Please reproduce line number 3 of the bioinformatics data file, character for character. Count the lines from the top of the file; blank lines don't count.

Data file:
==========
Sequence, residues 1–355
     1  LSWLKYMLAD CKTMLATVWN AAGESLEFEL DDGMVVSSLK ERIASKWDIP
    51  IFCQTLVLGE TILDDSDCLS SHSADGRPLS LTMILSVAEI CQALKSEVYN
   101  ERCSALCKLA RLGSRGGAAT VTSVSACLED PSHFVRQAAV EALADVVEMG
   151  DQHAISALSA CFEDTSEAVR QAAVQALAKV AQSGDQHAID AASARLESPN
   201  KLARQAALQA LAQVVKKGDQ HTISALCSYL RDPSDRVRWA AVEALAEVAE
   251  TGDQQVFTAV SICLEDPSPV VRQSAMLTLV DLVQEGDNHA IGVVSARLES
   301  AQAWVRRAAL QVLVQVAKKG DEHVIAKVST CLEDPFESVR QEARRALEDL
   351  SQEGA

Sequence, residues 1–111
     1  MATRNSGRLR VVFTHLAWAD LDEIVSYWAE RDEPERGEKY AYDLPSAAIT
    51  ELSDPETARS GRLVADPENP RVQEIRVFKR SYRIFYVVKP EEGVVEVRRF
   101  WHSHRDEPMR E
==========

    51  IFCQTLVLGE TILDDSDCLS SHSADGRPLS LTMILSVAEI CQALKSEVYN